Would voting participation rates increase if John Boutte sang outside all the polling places? This season opens on election day in 2008, when we all had a sense of history being made. In Treme, Albert gruffly tells his son that his one vote won't change anything, but he ends up going, and makes chills go up and down your spine as he watches Obama's victory speech later that night. Antoine runs back home and gets his trombone so that he can play with John Boutte, and Sofia tells her mom as they run to the next street celebration that it's stupid to vote in Connecticut when you could be dancing in the street in New Orleans. But as Kermit Ruffins plays and winds his way through the crowd, he sees the police cruisers lined up just outside the merriment, ready to knock heads if things get out of line. Same as it ever was.
So is this season going to be about hope, like the Obama campaign? Only in the sense that Treme has always been about hope in that stubborn New Orleans against-all-odds sort of way. Written by David Simon, Eric Overmyer, and George Pelecanos. Directed by Anthony Hemingway.
Davis submerges his car in the mother of all potholes, and knowing the city response will be slow if it comes at all, sets up a scarecrow as a warning to other drivers. This is not the only grown-up thing he does, for as he finishes a set for a "packed house-at least 15 or 20 people" he tells his group that perhaps the opera has run its course and it's about done. That becomes apparent especially in contrast to the album that Don from his label leaks to him--Trombone Shorty's Backatown, which cemented Shorty as a national act. (Remember the Canon camera commercial?)
A lot has happened with LaDonna since the end of last season. She and stalwart Larry are in the process of divorcing, and she's trying to get the new bar off the ground so that she can bring her kids back to New Orleans. As they sit on their Baton Rouge porch talking in their private school uniforms, it's clear why she tells them it's better for them to stay put, especially for now. They just have more opportunity outside the city. And sure enough, LaDonna and Albert have consummated the flirtation of last season. "Let me take care'a you," she says to him. He's still coughing, but he's got his hair back and is looking pretty hale and hearty.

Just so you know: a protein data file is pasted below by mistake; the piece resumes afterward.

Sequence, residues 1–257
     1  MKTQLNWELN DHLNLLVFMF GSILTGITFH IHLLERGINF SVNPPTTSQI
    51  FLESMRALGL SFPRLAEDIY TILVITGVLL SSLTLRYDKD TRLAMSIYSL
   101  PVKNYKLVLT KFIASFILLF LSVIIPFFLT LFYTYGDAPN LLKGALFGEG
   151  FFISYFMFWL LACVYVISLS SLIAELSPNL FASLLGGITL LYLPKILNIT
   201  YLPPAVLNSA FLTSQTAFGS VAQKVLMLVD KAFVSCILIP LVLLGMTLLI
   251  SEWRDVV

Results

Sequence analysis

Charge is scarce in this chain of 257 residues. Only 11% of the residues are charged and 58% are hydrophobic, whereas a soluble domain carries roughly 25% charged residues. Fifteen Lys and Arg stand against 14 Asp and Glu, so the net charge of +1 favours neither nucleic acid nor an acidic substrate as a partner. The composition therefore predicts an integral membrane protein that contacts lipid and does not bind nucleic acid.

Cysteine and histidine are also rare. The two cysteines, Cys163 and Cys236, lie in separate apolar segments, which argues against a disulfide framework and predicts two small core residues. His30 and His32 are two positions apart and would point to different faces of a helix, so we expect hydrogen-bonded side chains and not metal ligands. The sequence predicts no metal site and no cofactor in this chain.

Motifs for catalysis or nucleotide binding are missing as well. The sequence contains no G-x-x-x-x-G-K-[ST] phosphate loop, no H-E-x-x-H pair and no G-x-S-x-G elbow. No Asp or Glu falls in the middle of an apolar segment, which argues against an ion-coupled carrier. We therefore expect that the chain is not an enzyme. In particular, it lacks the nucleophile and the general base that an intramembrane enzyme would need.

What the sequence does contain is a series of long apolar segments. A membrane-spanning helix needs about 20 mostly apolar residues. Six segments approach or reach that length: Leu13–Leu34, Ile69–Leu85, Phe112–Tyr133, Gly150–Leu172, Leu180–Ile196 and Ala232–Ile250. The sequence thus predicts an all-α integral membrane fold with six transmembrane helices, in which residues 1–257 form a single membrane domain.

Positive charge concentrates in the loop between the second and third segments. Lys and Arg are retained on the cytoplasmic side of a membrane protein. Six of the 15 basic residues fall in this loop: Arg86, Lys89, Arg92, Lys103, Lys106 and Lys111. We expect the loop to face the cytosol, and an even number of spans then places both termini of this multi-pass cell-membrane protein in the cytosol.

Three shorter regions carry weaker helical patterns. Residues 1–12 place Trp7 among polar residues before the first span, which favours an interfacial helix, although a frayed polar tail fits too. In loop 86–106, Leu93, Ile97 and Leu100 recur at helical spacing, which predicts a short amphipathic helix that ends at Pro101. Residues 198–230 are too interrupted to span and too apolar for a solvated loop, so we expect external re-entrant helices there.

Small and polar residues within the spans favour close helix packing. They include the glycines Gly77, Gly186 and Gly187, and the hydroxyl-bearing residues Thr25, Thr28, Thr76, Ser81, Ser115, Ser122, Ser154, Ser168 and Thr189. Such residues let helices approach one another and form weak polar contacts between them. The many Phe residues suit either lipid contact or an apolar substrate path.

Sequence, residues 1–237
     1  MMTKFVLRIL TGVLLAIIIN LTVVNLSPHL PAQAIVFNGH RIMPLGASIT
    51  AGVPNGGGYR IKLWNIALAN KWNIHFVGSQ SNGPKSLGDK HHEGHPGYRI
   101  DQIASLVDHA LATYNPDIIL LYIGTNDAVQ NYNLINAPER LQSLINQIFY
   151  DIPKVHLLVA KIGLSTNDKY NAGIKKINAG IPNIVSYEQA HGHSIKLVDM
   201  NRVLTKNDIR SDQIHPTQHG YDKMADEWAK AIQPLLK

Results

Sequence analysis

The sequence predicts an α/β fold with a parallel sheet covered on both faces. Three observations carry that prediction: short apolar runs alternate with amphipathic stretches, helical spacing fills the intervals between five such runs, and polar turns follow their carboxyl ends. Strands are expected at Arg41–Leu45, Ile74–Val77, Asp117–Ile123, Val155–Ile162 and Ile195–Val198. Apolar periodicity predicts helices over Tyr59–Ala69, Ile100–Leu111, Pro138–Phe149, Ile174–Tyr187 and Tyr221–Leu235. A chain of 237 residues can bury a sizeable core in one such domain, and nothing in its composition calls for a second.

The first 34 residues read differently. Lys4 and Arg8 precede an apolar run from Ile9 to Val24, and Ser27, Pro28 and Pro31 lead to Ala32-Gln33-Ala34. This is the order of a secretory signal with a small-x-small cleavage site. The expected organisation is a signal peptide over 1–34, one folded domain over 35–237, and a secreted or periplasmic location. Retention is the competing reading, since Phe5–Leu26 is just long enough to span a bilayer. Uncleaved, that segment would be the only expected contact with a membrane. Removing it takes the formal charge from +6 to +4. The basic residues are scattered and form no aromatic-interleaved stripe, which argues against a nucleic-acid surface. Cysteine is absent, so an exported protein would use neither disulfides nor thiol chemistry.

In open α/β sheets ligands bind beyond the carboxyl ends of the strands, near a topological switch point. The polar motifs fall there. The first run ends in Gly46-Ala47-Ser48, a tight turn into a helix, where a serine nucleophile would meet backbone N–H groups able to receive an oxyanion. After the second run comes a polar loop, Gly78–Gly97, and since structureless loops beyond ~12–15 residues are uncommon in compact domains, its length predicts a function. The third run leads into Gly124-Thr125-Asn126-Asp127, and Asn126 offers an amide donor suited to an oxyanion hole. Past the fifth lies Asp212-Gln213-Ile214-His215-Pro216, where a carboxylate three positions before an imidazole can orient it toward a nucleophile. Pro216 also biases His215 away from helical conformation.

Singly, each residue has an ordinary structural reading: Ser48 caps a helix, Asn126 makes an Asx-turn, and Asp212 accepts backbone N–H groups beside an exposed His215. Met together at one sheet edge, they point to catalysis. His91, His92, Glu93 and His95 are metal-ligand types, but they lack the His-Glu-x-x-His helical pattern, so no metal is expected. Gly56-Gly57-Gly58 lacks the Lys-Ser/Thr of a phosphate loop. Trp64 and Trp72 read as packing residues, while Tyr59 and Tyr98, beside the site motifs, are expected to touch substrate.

Alcide and Randall are better off than Robert, who's caught himself a dose, and has no dad to help him out. Antoine takes him to the Musician's Clinic, where Sonny has found himself working. (A bit of a stretch to tie characters together, but it could happen…) He'll have to go to the Sisters of Charity, but at least he can get some treatment. Sonny's still on the straight and narrow, although still trying to get out from under his father-in-law's thumb. Antoine's the head band teacher now, so he's teacher, nurse, and dad all rolled into one, whether he's ready for it or not.
Always ready for the next disaster is Nelson, who has landed in Galveston after Hurricane Ike, saying whatever needs to be said in order to get that next "piece of the pie." (Hi Cousin Arnie!) He drops in on his banker buddy in order to still be in mind for the jazz center, and gets sent to a community meeting to take the temperature. Davis finds him there, and takes him to see Shorty at the Howlin' Wolf in order to get a real education about the music. "Music lives where it lives, brah," he tells him, as he shows him that famous picture of a 4 year old Shorty with a trombone bigger than he is. Nelson looks forward to eating at least, but is disappointed that Desautel's has a new chef that isn't as good as Janette.